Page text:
Bit string consists of 1 to 32 bits.

### Sample tests

No. Input file (input.txt) Output file (output.txt)
1
1 1 1
1
1
2
0 1 1
001
31
3
1 2 11
111
97

## Problem C. Concatenation ≡

 Author: A. Klenin Time limit: 2 sec Input file: input.txt Memory limit: 64 Mb Output file: output.txt

### Statement

String concatenation is the operation of joining two character strings end to end. For example, the strings "foo" and "bar" may be concatenated to give "foobar".

You program will be given N strings a1, …, aN and will have to perform M concatenations represented by pairs of integers (p1, q1), …, (pM, qM). Each pair (pj, qj) means that a new string aN + j is the concatenation of strings apj and aqj, where 1 ≤ pj, qj < N + j.

For example, strings "a" and "bc" and pairs (1, 2), (3, 3) mean that new strings "abc" and "abcabc" are generated.

Your program must output a substring of aN + M from position L to position R, counting from 1.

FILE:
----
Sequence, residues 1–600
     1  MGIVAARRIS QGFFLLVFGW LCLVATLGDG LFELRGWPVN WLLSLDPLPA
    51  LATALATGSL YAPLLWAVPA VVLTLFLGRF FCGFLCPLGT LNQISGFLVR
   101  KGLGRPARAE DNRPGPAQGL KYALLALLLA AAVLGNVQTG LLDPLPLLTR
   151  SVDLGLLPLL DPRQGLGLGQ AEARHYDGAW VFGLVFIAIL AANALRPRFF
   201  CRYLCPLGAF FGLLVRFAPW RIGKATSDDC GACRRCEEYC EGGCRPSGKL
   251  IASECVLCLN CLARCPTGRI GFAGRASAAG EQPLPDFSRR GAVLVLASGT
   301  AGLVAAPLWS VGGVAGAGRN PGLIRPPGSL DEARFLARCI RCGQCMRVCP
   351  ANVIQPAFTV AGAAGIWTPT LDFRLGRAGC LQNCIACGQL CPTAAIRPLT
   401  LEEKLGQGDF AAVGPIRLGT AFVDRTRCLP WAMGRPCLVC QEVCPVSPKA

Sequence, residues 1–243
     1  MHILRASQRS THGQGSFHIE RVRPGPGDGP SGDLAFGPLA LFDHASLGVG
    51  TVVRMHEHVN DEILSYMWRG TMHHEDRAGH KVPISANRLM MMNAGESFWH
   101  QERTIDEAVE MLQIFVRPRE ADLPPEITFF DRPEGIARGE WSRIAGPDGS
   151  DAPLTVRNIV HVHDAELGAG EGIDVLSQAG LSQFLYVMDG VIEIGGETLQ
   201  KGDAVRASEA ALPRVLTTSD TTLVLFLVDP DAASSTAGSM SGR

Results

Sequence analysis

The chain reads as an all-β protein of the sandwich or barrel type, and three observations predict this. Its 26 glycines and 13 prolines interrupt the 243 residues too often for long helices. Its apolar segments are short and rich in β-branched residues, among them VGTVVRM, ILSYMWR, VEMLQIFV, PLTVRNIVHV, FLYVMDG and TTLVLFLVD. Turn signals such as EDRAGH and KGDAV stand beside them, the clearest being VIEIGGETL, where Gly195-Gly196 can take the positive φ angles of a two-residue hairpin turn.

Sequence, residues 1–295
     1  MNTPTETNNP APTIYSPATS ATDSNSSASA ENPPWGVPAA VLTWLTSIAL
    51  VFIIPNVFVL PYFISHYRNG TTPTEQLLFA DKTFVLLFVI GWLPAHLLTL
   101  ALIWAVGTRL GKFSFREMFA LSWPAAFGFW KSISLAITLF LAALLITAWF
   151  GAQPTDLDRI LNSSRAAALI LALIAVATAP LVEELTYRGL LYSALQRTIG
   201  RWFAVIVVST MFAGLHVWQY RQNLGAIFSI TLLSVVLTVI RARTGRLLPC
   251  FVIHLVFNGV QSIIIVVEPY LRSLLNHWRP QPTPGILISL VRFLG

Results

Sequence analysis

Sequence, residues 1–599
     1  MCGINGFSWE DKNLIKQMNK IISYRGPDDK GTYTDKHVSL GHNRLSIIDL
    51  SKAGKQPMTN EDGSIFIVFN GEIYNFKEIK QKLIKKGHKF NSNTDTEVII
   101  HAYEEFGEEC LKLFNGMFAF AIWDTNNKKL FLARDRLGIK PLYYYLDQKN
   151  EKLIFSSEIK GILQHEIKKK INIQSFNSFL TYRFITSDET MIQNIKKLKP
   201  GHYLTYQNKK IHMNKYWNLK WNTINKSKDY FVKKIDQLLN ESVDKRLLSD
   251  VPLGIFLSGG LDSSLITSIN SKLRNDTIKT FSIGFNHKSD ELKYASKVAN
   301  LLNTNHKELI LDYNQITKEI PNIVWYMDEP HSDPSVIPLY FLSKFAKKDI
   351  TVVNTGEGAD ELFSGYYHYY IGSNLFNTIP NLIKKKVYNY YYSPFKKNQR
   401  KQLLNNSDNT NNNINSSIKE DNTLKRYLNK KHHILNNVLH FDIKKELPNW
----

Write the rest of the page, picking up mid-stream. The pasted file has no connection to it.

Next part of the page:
### Input file format

First line of input file contains integers N M L R. Following N lines contain strings ai — one string per line. Each of the following M lines contain two integers pj qj.

### Output file format

Output file must contain a string of R − L + 1 characters.

### Constraints

1 ≤ N ≤ 1000, 1 ≤ M ≤ 1000,

1 ≤ length(ai) ≤ 1000 for i = 1, N,

1 ≤ length(aN + j) ≤ 2 × 109 for j = 1, M,

1 ≤ L ≤ R ≤ length(aN + M),

R − L + 1 ≤ 1000.

### Sample tests

No. Input file (input.txt) Output file (output.txt)
1
2 2 3 6
a
bc
1 2
3 3
cabc
2
1 5 1 32
z
1 1
2 2
3 3
4 4
5 5
zzzzzzzzzzzzzzzzzzzzzzzzzzzzzzzz

## Problem D. Deadlock detector ≡

 Author: A. Klenin Time limit: 2 sec Input file: input.txt Memory limit: 64 Mb Output file: output.txt

### Statement

Resource sharing is an important problem in parallel programming. When parallel tasks must use common resource, such as input/output channel, they serialize their access by using locks.

Two basic locking primitives are provided:

• LOCK r — marks resource as locked by the calling task. If the resource is already locked by the same task, it does nothing. If it is locked by a different task, calling task is blocked (i.e. pauses execution and waits) until the resource is unlocked.
• UNLOCK r — unlocks given resource if it is locked by the current task, and does nothing otherwise.